4. In the counter-affidavit filed by the respondents, it is admitted that before partition, the employer had retrenched all the employees by paying retrenchment compensation and that they had settled the provident fund accounts on the basis of the report submitted by the employer. But on subsequent inspection it was found that the return submitted by the employer was false and that all the units of the petitioner-firm continued to function under the supervision of his own close relations as different units with the same employees from the date of the alleged transfer, that is to say, from 16-8-1969, or from the next day. The stand taken is that there was no closure of the establishment as contended by the petitioner. The gift deeds, according to the respondent, were effected with mala fide intention to defeat the provisions of law, A copy of the Provident Fund Inspector's report is produced as Ext. R1. It is further stated that the machineries, furniture and the premises used by the different establishments were the same. The counter-affidavit winds up by saying that the business run by the petitioner is not closed and it continues.
5. Before referring to the contentions advanced before me, I think it will be useful to refer to Ext. R1 which is a communication from the Provident Fund Inspector to the Regional Provident Fund Commissioner sent after visiting the establishment several times and after conducting enquiries. The Provident Fund Inspector, Trivandrum, has found that the original establishment has got split up into three. But from the accounts, it was seen that Suriakumari, Kalamalini, M.K.K. Nair and Komala Vilas Metal Industries were given credit facilities by the parent concern. In other words, in the account books of Madhavan Thampy, Chalai, all the above parties have got accounts as proprietors of the concerned business concerns. It is further stated in Ext. R1 that when the Provident Fund Inspector wanted to look into the documents evidencing the transfer, he was told that no registered document was executed since all that took place was only transfer of movables.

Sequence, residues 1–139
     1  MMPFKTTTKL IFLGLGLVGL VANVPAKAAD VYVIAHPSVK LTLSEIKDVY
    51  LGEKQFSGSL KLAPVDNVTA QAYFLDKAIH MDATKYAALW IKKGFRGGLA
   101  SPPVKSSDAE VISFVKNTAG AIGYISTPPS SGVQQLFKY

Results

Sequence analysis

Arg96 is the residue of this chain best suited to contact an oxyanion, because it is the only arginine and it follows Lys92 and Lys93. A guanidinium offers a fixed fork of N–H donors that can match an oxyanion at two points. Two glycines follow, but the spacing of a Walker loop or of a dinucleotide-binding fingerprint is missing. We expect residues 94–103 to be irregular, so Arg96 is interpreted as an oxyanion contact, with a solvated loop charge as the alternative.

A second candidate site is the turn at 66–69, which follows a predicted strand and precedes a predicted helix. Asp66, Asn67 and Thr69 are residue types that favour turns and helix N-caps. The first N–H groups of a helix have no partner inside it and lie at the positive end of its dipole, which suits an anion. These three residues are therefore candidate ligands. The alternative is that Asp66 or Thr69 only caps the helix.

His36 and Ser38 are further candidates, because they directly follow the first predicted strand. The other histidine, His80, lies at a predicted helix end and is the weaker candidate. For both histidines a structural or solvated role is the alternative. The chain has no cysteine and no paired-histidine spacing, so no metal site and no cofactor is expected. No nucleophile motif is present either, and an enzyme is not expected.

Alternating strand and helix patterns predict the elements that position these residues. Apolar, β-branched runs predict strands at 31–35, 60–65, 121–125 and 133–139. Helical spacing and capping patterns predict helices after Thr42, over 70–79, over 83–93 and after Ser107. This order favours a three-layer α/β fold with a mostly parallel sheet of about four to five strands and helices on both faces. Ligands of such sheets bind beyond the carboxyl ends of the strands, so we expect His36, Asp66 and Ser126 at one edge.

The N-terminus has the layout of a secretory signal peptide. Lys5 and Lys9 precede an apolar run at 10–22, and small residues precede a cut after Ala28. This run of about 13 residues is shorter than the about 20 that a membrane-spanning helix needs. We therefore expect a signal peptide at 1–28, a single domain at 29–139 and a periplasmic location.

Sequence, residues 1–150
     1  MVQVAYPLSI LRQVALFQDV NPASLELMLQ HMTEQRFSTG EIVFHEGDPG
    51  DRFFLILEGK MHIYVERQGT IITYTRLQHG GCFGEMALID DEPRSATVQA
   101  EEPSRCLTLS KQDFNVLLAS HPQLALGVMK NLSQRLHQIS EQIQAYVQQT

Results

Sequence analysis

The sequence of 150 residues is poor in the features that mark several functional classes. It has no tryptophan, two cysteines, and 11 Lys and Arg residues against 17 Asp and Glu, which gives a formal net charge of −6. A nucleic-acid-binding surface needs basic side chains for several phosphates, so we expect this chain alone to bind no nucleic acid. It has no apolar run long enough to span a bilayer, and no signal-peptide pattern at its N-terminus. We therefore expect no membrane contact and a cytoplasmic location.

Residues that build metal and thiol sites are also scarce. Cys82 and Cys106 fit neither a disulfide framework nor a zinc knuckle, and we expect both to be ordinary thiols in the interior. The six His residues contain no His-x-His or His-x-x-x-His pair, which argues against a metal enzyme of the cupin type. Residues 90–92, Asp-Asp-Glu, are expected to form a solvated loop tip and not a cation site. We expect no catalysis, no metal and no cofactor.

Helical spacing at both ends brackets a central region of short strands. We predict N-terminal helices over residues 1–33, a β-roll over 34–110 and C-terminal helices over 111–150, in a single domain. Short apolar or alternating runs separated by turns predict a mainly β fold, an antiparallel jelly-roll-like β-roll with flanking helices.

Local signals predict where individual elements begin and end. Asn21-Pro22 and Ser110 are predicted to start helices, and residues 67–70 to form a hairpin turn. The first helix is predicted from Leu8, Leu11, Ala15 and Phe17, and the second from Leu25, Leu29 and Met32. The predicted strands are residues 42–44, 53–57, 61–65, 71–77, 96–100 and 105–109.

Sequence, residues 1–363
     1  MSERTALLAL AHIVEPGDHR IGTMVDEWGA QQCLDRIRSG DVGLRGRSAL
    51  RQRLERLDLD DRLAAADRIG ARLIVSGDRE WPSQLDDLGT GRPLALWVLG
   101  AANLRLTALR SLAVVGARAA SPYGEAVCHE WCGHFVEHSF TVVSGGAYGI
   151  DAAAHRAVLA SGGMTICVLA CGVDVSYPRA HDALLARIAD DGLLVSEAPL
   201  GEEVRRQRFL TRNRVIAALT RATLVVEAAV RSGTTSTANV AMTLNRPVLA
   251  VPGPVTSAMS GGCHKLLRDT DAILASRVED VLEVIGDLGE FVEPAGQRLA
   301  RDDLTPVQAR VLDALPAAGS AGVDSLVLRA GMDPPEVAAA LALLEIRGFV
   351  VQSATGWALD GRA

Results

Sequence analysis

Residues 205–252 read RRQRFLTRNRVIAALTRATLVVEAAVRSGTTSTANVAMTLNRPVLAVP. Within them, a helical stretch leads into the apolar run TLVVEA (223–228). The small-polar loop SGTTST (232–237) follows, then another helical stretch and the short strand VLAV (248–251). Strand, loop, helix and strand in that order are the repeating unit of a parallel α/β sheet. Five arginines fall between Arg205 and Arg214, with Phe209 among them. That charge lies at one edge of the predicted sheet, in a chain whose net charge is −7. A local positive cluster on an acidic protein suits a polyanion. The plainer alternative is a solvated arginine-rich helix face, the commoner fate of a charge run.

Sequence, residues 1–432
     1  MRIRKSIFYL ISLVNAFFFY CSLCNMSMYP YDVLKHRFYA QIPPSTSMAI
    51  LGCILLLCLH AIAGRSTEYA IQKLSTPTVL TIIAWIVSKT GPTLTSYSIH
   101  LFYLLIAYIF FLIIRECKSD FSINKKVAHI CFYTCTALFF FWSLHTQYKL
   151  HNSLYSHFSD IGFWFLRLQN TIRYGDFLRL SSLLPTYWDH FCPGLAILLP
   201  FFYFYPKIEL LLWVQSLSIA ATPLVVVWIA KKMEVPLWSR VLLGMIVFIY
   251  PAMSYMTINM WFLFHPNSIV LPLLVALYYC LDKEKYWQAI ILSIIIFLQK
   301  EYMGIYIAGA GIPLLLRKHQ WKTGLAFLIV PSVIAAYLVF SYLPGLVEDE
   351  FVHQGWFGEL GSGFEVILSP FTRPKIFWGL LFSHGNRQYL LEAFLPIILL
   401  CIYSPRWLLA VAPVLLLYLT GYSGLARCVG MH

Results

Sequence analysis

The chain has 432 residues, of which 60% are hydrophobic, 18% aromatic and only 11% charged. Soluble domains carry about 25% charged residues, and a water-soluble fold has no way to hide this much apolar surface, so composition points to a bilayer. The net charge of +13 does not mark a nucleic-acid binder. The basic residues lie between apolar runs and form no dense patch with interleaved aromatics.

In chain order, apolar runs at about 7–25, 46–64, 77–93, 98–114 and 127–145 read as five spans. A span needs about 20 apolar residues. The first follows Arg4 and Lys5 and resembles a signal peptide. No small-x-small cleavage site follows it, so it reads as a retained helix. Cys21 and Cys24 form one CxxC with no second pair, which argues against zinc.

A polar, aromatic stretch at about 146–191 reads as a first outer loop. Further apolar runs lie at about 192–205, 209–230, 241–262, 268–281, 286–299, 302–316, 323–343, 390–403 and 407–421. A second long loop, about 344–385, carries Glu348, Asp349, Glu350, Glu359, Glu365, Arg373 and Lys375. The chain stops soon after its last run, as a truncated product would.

6. With this background, I shall examine the question of law raised by the petitioner's counsel that the five establishments are ' new establishments', that: the integrity of the old establishment got disrupted and that the new establishments are entitled to the protection under Section 16(1)(b) of the Act. While considering the applicability of the Act in question, Courts will not be guided by actions taken under other enactments. Where a gift deed is executed, the provisions of the Gift Tax Act are immediately attracted and the gift suffers assessment, if within the assessable limit, The turnover of the business of a donee, if assessable to sales tax, suffers sales-tax. All these will not save the donees from the mischief of the Act, if the officers are satisfied that the gift deeds did not, in law, disrupt the integrity of the old business and bring into existence new establishments entitled to the benefit of Section 16(1)(b) of the Act.' What the Court is concerned with here is only to apply the provisions of this Act with reference to the special facts of the case before it. For arguments' sake, we will admit that the original firm got dissolved on 16-8-1969 ; that as per the gift deeds the donees were looking after the businesses at different places ; that the gift tax authorities, the income-tax authorities and the sales-tax authorities have accepted the dissolution of the firm. But one will have to die-abuse one's mind about the impact of such actions while considering the provisions of the Act in question. In all fiscal legislations assessments follow when returns are filed or when officers find the assessees are liable to be assessed. Here, we are concerned with a piece of progressive special legislation specially enacted for the benefit of the employees and the question to be decided is, whether by the dissolution of the firm and by the execution of the gift deeds, there was an attempt to circumvent the provisions of the Act and to defeat the rightful claims of the employees. In other words, from the attendant circumstances this Court will have to see whether the gift deeds were bona fide, genuine, and whether new establishments, in reality, came into existence, disrupting the integrity of the old establishments.